At present, many colleges offer individual bursaries separate to the main University schemeLouis Ashworth

Cambridge colleges are developing an expanded bursary scheme which will aim to raise provisions for the poorest students, while also expanding financial support to those in the “squeezed middle”.

The Senior Tutors’ Committee (STC), one of Cambridge’s top governing bodies, has convened a Colleges Bursaries Taskforce, which is in the early stages of planning an “enhanced bursary scheme in which all colleges could participate”, to replace uncoordinated measures already in place.

Dr Mark Wormald, secretary of the STC, said there was “clearly an appetite” for change to the current system, according to recently-released committee minutes.

Presently, many colleges offer bursaries to support students with their living costs. The new scheme will aim to take the disparate variety of bursary models across the colleges and integrate them into the main Cambridge Bursary Scheme, which provides standardised funding for students to cover maintenance costs such as rent and food. It could mean expanded financial support for students at colleges which do not have their own bursary schemes.

At the Taskforce’s launch in November,  the colleges said its “work should be undertaken urgently to ensure that a scheme could be in place for the next academic year”. Wormald declined a request to comment made through the University.

The Bursary Scheme currently provides a “gift” of up to £3,500 per year for undergraduate students with a household income of below £42,620. Eligible undergraduates receive the grant automatically, regardless of whether they already receive a government loan.

The planned new bursary model will measure students’ household income alongside other methods of means testing, with students automatically receiving money based on a “sliding scale” of need. The University is undertaking a “parallel strand” of work, with the probable aim of unifying all the bursary schemes under one umbrella.

Changes could mean a boost for some students – the “squeezed middle” referred to – who qualify for lower levels of government maintenance loan, but may receive little or no funding from their families and are not eligible for a grant from Cambridge.

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The University’s analysis found that that average cost of living in Cambridge was between £8,300 and £8,800. This means that under the current system students with a household income of over £35,000 – but no exceptional dependencies or disabilities – must find other ways to cover their living costs. This can present problems as maintenance loans and Cambridge bursaries are not means-tested; for example, they fail to take into account the different financial pressures between families with the same household income but varied numbers of children.

The STC formed the Taskforce late last year, asking it to investigate current provision and develop a new system. Professor Catherine Barnard, senior tutor of Trinity College, said at a November meeting that a sliding-scale scheme developed by Trinity could be the basis of the new model. In the same discussion, CUSU President Daisy Eyre highlighted the importance of tackling rent disparities between colleges.

Both Eyre and Olivia Hylton-Pennant, CUSU’s access officer, are away and could not be reached for comment.

At a February meeting of the STC, Wormald reported on the Taskforce’s progress. Wormald was minuted as telling senior tutors: “That whilst it was very important to try to do something for students, it was key that it was the right thing”.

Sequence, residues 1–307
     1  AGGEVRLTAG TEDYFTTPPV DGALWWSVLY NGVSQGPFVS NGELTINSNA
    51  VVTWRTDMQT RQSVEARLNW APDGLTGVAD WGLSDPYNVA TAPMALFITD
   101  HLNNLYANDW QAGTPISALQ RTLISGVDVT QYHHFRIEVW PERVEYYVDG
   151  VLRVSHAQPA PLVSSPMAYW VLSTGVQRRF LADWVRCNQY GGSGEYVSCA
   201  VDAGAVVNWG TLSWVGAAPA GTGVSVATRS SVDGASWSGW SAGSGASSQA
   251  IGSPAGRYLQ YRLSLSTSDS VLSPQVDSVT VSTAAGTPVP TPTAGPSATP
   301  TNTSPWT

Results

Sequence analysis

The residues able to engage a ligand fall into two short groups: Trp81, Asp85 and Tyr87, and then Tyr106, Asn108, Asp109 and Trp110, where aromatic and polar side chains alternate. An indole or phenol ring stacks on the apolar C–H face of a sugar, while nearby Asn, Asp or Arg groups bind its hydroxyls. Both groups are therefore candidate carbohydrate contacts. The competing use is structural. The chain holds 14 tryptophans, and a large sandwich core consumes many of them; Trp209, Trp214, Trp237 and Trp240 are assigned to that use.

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He said “real danger lay ahead if colleges did nothing and that there was only a finite window of opportunity to work with the University to develop a comprehensive collegiate support scheme.”

Wormald said that “whilst the existing Cambridge Bursary Scheme was transparent and fair, there was a need for it to be updated as the eligibility cut off had originally been aligned with governmental maintenance grants that had since been abolished.”

The Taskforce reported a mixture of early opinions from college officials. Staff said that effective means testing must not mean large administrative burdens.

In an extended discussion of the Taskforce’s plans, it was emphasised that any new scheme should “respond flexibly to genuine cases of student need” and “not lose sight of the very poorest students, particularly those with financial obligations in supporting their families”.

It was also stressed that while financial support was “absolutely key” to student experience, it “was not the only factor in relation to access, participation, performance and progression”. The minutes of the discussion note the STC as saying: “culture also played a significant part and that efforts to ensure levels of financial support were in place ought to go hand in hand with efforts to address perceived cultural imbalances”.

Campaign group Cambridge Cut The Rent welcomed the planned changes, but warned that it should not mean colleges raise accommodation costs. The new scheme “cannot be an excuse for colleges to simply raise rents,” a campaign spokesperson said, “otherwise this funding will go straight back into their pockets.”

Analysis published on Wednesday found that Cambridge was the “most unequal” university in the UK, and new figures released last week showed that the University’s 2016 intake had the second-lowest proportion of students from areas with lower participation in higher education.

Cambridge has made distinct targets for improving intake of students from disadvantaged backgrounds part of its official access agreements for several years. Administrators will hope that the new bursary scheme will help them reach those goals.

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